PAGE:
How you can get the most from your video game console

July 28, 2015

A video game system or console can be expensive to buy and costs even more when you are constantly paying for new games. By waiting for inevitable price cuts and finding alternative means to acquiring games, you can have fun at a fraction of the cost!

How you can get the most from your video game console

Be wary of the latest consoles

The best way to save money on video game consoles is never to buy the latest console when it's first launched.

  • Manufacturers are careful to manage supply and demand to keep prices right up at list price.
  • Consoles get to their natural prices — about 25 percent lower — after nine months or so. After a year or longer, they can fall to half their original price.

Avoid getting into format wars

  • When a brand-new type of game console is launched, there is always the possibility that it may not make the grade. If the new format proves unpopular, software companies stop making games for it.
  • It's best to hold tight and evaluate the longevity possibility of the console before buying one.
  • Popular consoles will have a never-ending stream of new games and are therefore a far better investment.

Who needs a DVD player?

Many new consoles work as DVD players, able to play back DVD movie discs, as well as games. You could save $40 or more on the cost of buying a separate DVD player.

Buying games

The cost of new video games is also high, and when they are just launched, you often have to pay the full list price — thanks to heavy promotion and pre-launch hype. Here's how you can save money on games.

  • Wait it out: If you can bear not to have the newest, must-have game you'll benefit from waiting a few months to decide on whether to purchase or not. Read the user reviews on the Internet or in your favourite video games magazines to see which games have failed to live up to the hype, and save the expense of buying a dud.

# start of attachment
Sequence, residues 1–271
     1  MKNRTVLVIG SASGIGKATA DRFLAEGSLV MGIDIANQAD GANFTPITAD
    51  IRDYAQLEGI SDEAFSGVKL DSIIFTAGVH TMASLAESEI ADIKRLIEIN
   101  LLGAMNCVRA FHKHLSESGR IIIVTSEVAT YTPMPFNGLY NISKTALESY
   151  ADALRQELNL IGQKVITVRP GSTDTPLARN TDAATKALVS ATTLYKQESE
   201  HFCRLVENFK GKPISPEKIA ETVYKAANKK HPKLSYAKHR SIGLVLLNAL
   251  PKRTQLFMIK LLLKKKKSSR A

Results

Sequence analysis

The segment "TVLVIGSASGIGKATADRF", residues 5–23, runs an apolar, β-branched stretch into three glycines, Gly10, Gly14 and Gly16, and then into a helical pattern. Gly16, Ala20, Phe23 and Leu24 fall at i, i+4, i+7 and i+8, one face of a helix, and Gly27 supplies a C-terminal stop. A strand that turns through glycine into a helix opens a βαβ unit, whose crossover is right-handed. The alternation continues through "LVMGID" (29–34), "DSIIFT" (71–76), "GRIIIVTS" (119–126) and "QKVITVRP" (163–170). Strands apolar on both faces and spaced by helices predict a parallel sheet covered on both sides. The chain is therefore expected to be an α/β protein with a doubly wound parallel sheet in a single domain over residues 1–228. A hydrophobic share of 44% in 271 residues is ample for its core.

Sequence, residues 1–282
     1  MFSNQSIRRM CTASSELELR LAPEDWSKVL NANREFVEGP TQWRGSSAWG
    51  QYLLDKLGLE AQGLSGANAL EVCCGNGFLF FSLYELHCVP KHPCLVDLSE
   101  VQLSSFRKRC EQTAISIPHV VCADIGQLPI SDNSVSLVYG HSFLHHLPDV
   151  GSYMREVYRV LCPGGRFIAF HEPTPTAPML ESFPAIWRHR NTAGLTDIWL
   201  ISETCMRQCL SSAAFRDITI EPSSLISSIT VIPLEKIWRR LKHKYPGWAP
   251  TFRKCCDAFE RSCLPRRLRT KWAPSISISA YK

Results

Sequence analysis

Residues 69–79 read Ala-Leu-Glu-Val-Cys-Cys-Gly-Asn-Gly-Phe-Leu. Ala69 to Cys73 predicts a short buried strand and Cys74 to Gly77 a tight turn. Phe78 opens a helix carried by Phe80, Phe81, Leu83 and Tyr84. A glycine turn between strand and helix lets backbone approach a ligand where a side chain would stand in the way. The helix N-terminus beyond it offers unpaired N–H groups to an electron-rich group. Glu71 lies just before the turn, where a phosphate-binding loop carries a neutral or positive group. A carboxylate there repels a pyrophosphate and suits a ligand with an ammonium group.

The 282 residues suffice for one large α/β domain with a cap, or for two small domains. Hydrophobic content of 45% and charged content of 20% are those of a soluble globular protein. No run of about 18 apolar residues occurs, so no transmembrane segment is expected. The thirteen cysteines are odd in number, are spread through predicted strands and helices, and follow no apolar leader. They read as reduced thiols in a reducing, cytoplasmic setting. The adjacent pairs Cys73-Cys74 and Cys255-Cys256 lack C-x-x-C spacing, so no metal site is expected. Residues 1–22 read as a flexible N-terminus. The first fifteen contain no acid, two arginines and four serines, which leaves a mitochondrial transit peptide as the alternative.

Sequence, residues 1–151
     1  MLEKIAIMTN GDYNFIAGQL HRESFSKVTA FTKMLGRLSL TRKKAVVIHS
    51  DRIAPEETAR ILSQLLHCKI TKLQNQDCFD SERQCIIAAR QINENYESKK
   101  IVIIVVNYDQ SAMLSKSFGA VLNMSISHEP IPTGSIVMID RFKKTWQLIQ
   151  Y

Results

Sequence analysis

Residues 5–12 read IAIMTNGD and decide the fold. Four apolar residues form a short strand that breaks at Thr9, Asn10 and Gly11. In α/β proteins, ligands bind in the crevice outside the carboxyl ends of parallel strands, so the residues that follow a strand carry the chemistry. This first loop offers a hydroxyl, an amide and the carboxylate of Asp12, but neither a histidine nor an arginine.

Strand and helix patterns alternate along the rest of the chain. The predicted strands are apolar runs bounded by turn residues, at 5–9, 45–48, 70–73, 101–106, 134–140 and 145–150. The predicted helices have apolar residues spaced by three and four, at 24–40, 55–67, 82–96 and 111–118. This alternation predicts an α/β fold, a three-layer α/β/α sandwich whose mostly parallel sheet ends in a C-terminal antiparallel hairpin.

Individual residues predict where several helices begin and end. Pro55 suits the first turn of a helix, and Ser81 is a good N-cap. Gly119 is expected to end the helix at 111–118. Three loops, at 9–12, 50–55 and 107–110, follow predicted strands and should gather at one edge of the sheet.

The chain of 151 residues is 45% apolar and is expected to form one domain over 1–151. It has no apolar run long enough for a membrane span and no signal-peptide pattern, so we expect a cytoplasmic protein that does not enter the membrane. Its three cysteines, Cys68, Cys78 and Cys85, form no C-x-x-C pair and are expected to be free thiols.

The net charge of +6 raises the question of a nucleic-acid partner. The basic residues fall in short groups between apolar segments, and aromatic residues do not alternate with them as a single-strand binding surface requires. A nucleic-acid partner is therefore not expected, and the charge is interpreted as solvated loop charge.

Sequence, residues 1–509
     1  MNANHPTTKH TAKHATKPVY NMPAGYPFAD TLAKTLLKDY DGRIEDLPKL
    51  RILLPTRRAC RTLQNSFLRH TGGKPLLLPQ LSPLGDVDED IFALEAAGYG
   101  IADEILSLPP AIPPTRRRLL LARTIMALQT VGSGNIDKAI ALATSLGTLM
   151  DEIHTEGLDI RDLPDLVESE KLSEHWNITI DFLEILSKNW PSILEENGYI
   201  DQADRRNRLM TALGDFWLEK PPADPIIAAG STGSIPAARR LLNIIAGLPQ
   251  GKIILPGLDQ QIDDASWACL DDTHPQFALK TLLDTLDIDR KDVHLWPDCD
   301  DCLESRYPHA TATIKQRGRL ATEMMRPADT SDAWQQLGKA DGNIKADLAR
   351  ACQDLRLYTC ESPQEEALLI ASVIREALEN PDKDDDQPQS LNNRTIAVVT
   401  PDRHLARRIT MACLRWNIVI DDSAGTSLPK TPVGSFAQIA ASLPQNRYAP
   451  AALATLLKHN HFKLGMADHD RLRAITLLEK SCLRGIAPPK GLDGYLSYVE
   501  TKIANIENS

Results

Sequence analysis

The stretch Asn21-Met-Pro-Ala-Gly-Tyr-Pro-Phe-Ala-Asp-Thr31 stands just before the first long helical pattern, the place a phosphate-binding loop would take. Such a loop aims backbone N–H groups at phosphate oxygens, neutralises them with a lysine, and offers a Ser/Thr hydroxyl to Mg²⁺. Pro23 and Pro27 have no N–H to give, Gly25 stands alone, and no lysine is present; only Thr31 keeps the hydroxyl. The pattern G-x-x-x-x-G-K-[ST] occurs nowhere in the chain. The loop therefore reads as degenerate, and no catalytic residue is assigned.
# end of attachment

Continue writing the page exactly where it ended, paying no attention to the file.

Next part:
• Buying used: Stores that sell pre-owned CDs and DVDs also often have used video games for sale. Prices will depend on how new the release is, but they can easily be less than half the price of a new game. You can check the used section for game stores online and online auctions.
  • Borrow a game: Your local library will have a selection of older games available for lending so you can try them out before you purchase them at the store.
  • New games for free: When you've finished with a game, sell it quickly to help pay for the next one. The longer you wait, the less you'll get for it.
  • Swap them: If your children are the biggest game fans in your house, encourage them to set up a games exchange with friends. You will also find video games swap sites online.

Video games and video game consoles can come at a hefty price, so follow these tips and you can stretch your budget without sacrificing your pastime.

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